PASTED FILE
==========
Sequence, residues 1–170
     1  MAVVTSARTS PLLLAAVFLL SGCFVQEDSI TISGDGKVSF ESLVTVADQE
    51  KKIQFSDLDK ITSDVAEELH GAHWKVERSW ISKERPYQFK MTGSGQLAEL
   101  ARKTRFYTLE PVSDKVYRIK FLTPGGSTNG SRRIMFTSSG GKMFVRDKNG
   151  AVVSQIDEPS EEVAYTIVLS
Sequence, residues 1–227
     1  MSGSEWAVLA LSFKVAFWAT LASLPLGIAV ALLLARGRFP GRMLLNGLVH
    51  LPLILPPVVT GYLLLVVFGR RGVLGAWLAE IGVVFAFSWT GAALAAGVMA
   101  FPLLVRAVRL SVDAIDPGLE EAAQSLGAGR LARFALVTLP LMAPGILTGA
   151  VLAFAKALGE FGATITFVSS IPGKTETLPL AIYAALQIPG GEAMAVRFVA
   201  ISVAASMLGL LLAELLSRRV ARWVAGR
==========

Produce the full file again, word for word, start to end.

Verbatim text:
Sequence, residues 1–170
     1  MAVVTSARTS PLLLAAVFLL SGCFVQEDSI TISGDGKVSF ESLVTVADQE
    51  KKIQFSDLDK ITSDVAEELH GAHWKVERSW ISKERPYQFK MTGSGQLAEL
   101  ARKTRFYTLE PVSDKVYRIK FLTPGGSTNG SRRIMFTSSG GKMFVRDKNG
   151  AVVSQIDEPS EEVAYTIVLS
Sequence, residues 1–227
     1  MSGSEWAVLA LSFKVAFWAT LASLPLGIAV ALLLARGRFP GRMLLNGLVH
    51  LPLILPPVVT GYLLLVVFGR RGVLGAWLAE IGVVFAFSWT GAALAAGVMA
   101  FPLLVRAVRL SVDAIDPGLE EAAQSLGAGR LARFALVTLP LMAPGILTGA
   151  VLAFAKALGE FGATITFVSS IPGKTETLPL AIYAALQIPG GEAMAVRFVA
   201  ISVAASMLGL LLAELLSRRV ARWVAGR